Finding the right security talent is easier said than done – and with the existing global cyber talent shortage expanding by the day, cyber recruiting is only expected to become more challenging.

To confront this challenge head-on, organizations must stop relying on traditional candidate assessment methods. While degrees and certifications indicate that a candidate has pursued cybersecurity understanding, these qualifications don’t necessarily prove individual capabilities.

Cyber recruitment is further complicated by:

  • A reliance solely on conventional recruitment practices, such as certifications that don’t accurately measure hands-on skills and resumes that don’t accurately distinguish one candidate’s ability from another
  • Unconscious bias within the hiring process
  • A hiring team that may not have a detailed understanding or specialism in the skills a role requires

To ensure that your security teams are actually prepared to take on the next emerging threat, it is important to exercise and benchmark candidates against the specific skills required for the role, rather than using traditional methods.

In this post, I explore the science behind hiring practices and how a skills-first approach can help modernize cyber recruiting strategies.

Biases in recruitment

The default approaches to recruitment, such as CVs and interviews, are rife with unconscious bias, subjectivity, and inaccuracy.  

There are upwards of 175 biases that can influence our behavior, but some of the key ones that impact recruitment include:

  • Similarity bias – the tendency to think more favorably of candidates who are “similar to me.” People gravitate toward the familiar, so will rate people who are similar to ourselves. 
  • Confirmation bias – analyzing information about a candidate in a way that confirms our existing beliefs and assumptions.
  • Halo effect – the tendency to focus on the redeeming aspects of a candidate can influence our opinions of them in other areas.

We need to reduce bias by challenging these well worn out recruitment practices. 

CVs only give a surface-level view of what people can truly offer; you can’t gauge a candidate’s ability to adapt to new security threats or whether they are competent in specific security skills. With interviews, candidates can fake their answers to impress interviewers. 

We need more objective methods to assess a candidate’s proficiency accurately, and measure candidates’ actual skills and performance.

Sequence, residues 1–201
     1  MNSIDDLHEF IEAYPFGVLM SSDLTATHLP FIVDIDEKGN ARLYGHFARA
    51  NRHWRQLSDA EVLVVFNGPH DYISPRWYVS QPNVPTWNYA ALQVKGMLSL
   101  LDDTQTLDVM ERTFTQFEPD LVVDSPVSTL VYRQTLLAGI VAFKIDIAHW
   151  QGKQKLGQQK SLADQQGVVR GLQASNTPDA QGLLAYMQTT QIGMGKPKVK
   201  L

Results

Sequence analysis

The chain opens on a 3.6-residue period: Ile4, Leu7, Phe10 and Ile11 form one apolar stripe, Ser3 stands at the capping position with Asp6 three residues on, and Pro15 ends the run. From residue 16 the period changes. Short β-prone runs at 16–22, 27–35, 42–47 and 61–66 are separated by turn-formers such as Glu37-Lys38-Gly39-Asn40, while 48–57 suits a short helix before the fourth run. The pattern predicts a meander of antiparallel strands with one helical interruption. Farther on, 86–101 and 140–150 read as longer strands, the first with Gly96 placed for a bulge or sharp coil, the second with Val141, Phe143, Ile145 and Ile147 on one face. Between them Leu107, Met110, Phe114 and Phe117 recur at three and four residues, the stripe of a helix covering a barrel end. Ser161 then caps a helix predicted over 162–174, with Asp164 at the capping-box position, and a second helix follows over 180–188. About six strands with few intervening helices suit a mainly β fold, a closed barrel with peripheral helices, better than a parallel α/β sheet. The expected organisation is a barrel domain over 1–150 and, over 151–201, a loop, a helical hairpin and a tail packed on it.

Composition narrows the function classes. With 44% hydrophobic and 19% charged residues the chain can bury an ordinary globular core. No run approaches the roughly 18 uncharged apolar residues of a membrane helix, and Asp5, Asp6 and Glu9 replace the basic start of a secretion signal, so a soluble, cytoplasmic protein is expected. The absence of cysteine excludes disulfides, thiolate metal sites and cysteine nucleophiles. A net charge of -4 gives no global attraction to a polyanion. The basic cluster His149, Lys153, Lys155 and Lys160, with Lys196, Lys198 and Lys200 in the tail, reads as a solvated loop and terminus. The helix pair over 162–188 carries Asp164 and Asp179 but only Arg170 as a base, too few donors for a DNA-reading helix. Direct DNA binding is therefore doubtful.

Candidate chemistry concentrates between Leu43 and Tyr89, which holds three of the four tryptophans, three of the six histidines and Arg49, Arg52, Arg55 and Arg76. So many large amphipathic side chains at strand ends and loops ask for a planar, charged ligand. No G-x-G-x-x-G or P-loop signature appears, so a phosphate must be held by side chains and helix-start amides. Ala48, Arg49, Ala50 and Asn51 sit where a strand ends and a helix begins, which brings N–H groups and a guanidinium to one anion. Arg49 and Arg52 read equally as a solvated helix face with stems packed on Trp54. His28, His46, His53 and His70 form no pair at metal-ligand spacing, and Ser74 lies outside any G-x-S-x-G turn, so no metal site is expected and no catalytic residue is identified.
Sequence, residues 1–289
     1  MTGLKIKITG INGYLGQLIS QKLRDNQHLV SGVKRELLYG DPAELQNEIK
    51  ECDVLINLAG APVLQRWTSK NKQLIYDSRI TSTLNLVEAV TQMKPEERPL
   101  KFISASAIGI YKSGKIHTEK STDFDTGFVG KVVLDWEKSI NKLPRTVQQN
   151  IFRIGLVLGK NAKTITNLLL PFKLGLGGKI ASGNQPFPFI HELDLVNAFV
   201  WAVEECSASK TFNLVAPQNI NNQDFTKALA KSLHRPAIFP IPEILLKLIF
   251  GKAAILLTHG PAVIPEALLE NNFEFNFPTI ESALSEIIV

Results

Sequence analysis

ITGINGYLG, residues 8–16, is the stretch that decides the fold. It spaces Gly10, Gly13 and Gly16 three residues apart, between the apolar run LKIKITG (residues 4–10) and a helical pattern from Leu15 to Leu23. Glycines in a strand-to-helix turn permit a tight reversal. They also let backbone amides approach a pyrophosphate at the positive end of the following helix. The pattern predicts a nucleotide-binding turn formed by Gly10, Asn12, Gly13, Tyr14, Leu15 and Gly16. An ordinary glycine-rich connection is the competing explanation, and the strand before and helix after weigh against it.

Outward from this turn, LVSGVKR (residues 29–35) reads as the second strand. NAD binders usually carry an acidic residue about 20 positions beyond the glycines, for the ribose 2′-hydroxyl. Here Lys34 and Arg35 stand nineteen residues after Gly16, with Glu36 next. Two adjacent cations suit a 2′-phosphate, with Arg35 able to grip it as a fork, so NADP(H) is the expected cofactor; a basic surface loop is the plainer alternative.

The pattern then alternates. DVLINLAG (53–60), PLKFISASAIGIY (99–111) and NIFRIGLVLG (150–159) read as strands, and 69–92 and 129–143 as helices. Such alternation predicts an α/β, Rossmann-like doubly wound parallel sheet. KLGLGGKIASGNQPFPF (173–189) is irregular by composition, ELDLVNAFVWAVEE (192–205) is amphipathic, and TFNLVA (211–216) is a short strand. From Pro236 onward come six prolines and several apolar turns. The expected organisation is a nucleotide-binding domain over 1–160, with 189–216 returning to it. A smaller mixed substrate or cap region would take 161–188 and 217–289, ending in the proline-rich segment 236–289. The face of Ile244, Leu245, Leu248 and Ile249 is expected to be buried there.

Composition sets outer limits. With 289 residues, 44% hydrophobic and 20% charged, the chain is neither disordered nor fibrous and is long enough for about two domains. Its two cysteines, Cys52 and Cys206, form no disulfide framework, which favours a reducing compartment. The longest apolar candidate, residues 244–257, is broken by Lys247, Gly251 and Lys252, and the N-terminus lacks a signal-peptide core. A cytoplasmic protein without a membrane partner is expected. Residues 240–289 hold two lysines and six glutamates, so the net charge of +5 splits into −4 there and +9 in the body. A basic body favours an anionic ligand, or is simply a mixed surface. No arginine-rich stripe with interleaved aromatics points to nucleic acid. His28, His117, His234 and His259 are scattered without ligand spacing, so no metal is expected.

In order to successfully measure a candidate’s actual skills, organizations must use real-life cyber simulations where a candidate can conclusively demonstrate their ability to respond to real-world threats and situations.

Show me, don’t tell me

The critical value of assessing performance is that it adds objectivity to your recruitment process and reduces recruitment bias. 

Organizations don’t have to rely on assessing CVs and how people perform in interviews when you can measure the actual skills needed to be successful in specific cybersecurity roles, enabling you to uncover their hidden talents.

Performance-based assessments are well-supported in academic research too. 

Academic research shows that performance-based assessments are strong predictors of actual performance on the job and less open to faking by candidates1. Candidates also view these assessments more favorably over other selection methods2

Ultimately, their value comes down to “show me” and not “tell me3.” We don’t ask candidates to tell us how good they are, but to show us through practical demonstrations. This prevents people from inflating their skills and yields more accurate results. 

Recruit at the speed of cyber

When there’s a gap in cyber talent, it’s important to hire quickly when you find the right people. Armed with a database of candidate performance (and a benchmark of current employees), you can much more easily compare skill sets so you can identify a “must-hire” right after the screening. 

By partnering with programs like Cyber Million, powered by Immersive Labs, organizations can reduce barriers to entry for job seekers by creating opportunities and uncovering hidden talent. Through an emphasis on real-world skills and aptitude over traditional evaluation methods – such as academic degrees, certification and job experience – these programs modernize the way organizations recruit for cyber roles globally. By screening candidates, organizations can reduce the pool of candidates and focus solely on those with the skills needed to succeed in cyber security roles. 

To learn more about joining Cyber Million as an Employment Partner or Supporting Organization, please visit our program home page.

1 Boyce, A. S., Corbet, C. E., & Adler, S. (2013). Simulations in the selection context: Considerations, challenges, and opportunities. Simulations for personnel selection, 17-41.

2 Hausknecht, J. P., Day, D. V., & Thomas, S. C. (2004). Applicant reactions to selection procedures: An updated model and meta‐analysis. Personnel psychology, 57(3), 639-683.

3 O’Leary, R. S., Forsman, J. W., & Isaacson, J. A. (2017). The role of simulation exercises in selection. The Wiley Blackwell handbook of the psychology of recruitment, selection and employee retention, 247-270

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September 20, 2023


John Blythe

Director of Cyber Psychology